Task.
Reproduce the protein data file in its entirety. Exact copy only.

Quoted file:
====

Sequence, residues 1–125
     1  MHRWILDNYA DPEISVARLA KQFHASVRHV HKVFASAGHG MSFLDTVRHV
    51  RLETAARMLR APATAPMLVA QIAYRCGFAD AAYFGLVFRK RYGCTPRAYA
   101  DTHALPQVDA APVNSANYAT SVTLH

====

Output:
Sequence, residues 1–125
     1  MHRWILDNYA DPEISVARLA KQFHASVRHV HKVFASAGHG MSFLDTVRHV
    51  RLETAARMLR APATAPMLVA QIAYRCGFAD AAYFGLVFRK RYGCTPRAYA
   101  DTHALPQVDA APVNSANYAT SVTLH